Artwork Title: 30 days

Name of Artist: Teh Ting Ting

School: CHIJ Toa Payoh Secondary School

This lesson is suitable for students in: Secondary 3

Possible Guiding Questions For Discussing Art

Possible Lesson Ideas For Making Art

  1. Pick one drawing. What do you notice?
    Describe the lines, textures and medium. What does the drawing remind you of? 
  1. What is the relationship between the visual representation and the text?
    Does it make you think about the word differently?
    How does it make you feel?
    What makes you say that? 
  1. Why do you think the artists chose to interact through words and images?
    What does the duration of this art work make you think about?
    How does it make you feel? 
  1. How will you interpret the word?
    Which medium will you use?
    What other medium would also be suitable for you?
    How will the different choice of media change the appearance / intent of your work?
    What makes you say that?
Conversations Duration

I imagine that this lesson could be adapted for secondary three students, and further differentiated depending on their prior knowledge and experiences. 

Each lesson part will likely stretch over 3 hours, and includes teacher demonstration, lots of students’ hands-on, research, and discussions.  

Learning Outcomes

  1. Investigate and create a variety of textures and effects in different media / chosen medium 
  2. Make close observations of objects 
  3. Make meaningful word associations in relation to visuals
  4. Collaborate effectively with peers to co-create a work 
  5. Evaluate and assess their own and peers’ works

Part 1: Conversations with the Medium

Seeing potential in how a medium, when used differently, can bring about different interactions and visual effects. 

These are some possibilities: 

  • Graphite powder, used in combination with brush, cotton buds / tortillion, water, etc
  • Chinese ink, used in combination with twigs, straws, self-made fountain pen, etc 
  • Or a combination of the two 

Artist References: 

  • Melissa Cooke’s large graphite drawings 
  • Tang Da Wu’s “Heroes, Islanders” (2005)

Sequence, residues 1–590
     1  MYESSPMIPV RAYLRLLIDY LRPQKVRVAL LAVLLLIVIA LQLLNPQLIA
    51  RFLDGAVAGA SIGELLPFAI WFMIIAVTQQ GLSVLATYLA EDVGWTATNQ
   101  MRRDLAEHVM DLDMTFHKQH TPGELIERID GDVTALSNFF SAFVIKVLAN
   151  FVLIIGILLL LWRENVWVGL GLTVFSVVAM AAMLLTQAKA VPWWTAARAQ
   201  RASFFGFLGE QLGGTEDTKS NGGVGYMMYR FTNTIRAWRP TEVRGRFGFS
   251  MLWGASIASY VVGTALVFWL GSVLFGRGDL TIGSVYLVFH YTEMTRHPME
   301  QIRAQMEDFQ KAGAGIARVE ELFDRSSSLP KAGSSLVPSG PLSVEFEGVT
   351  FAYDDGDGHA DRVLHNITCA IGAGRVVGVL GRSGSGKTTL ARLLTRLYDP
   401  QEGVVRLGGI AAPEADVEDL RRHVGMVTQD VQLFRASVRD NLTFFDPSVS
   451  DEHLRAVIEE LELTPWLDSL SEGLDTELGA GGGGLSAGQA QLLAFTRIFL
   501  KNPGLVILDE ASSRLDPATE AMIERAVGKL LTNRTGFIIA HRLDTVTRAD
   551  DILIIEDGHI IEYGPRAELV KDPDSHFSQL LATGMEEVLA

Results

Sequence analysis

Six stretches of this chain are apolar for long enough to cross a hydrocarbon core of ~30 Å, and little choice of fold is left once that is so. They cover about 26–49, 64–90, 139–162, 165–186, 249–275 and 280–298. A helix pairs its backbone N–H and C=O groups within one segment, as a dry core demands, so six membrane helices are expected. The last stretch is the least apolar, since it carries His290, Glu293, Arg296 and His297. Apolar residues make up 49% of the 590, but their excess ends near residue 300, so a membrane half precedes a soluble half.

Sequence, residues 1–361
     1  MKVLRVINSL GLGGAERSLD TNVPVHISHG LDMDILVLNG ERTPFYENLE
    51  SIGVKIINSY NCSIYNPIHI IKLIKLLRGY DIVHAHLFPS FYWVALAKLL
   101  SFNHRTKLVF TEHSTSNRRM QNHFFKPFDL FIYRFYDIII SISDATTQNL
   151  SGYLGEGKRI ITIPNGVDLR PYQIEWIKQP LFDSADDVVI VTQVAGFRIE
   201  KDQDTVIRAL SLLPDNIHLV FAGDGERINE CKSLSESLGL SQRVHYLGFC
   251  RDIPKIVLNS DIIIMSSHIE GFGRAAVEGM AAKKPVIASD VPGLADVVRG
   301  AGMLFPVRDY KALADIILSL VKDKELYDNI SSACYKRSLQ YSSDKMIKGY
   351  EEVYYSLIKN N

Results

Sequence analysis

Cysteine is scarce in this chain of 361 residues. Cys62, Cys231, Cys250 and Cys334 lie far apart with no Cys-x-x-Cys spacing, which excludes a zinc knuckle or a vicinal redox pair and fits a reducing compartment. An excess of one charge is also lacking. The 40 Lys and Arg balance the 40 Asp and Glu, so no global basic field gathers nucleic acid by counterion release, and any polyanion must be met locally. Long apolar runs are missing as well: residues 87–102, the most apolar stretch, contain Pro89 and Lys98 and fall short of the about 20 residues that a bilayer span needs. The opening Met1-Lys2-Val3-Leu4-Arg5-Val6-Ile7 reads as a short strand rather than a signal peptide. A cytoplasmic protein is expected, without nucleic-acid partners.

• Wolfgang Tillman’s “Freischwimmer” Series (2003-2004)

Suggested Activity:

Students will: 

  1. Start off by touching the medium. They are likely to be able to link it to what they already know in Science, or their surroundings.
    E.g. Graphite being a lubricant for machinery. Extend upon their thinking, on how a lubricant which can be smoothed easily on paper, stay permanent. 

E.g Chinese ink having different translucencies / viscosity / flow. Discuss how different the effects may appear on different types of paper. 

  1. Go to the school field / visit a nearby garden / park. 
  2. Pick out 2 textured objects. Experiment with ways to create simulated textures using the medium, through a variety of techniques. 
  3. Share the range of ways the medium has been employed by different students. 

Part 2: Conversations with the Everyday Environment

Inviting students to appreciate and get inspiration from the everyday / natural surroundings.

Suggested Activity:

Students will: 

  1. Respond to a chosen object (can be an extension of the previous lesson) by observing closely, the form and texture. 
  2. Render a small detail on a large area, which is in contrast to having a large object occupy a small area (like that of the postcard drawings). 

E.g. Detail of a flower 

E.g. Stains on the table  

E.g. Part of a hand 

  1. Discuss the observations and challenges in enlarging an object. What assumptions did you make? How could it be if it was otherwise? 
  2. Write possible titles to 3 of the chosen works by their peers on post-it pad and stick beside their work. 
  3. Highlight the range of textual responses that can be associated with the drawings. 

Part 3: Collaborative Conversations  

Initiating collaborative work between pairs through conversations about “Today” (or other suitable words) 

Artist References:

  • Peter Fischli and David Weiss: artist duo who create works that are inspired by daily life 
  • Ilya and Emilia Kabakov: works which fuse elements of the everyday with those of the conceptual
  • Mona Hatoum: Sculptures and installations that combine familiar, everyday objects in unusual and intimate ways 

Suggested Activity:

Students will: 

  1. Unpack the relation of visual representation to language, as an extension to the previous lesson. 
  2. Relate how a word can bring about different perceptions, just like how a picture may also be interpreted in different ways.
  3. Pair up and brainstorm ways in which the word ‘today’ can be expanded, e.g. in terms of feelings / emotions, incidents, memories, surroundings, objects and friends. 
  4. Collaborate to create a two-piece drawing / painting series / relief piece, which is inspired by your daily / everyday life. 
  5. Organise a critique session at intervals: ideation, development and finished works, taking turns to take and give feedback on their progress, challenges and successes

Extension Activity: 

Students will:

  1. Line the works up into a sequential / non-linear narrative to conjure new responses. Exhibit it at the school corridor / gallery.teachers


  1. Graphite powder, brushes, tortillion, cotton bud, water, kneadable eraser, sand paper, fixative 
  2. Chinese ink, found twigs, branches, water 
  3. Various types of paper / other items for experimentation 

Further Readings 

  1. Johnstone, Stephen, edited. (2008). The Everyday – Documents of Contemporary Art. London, MIT Press. 

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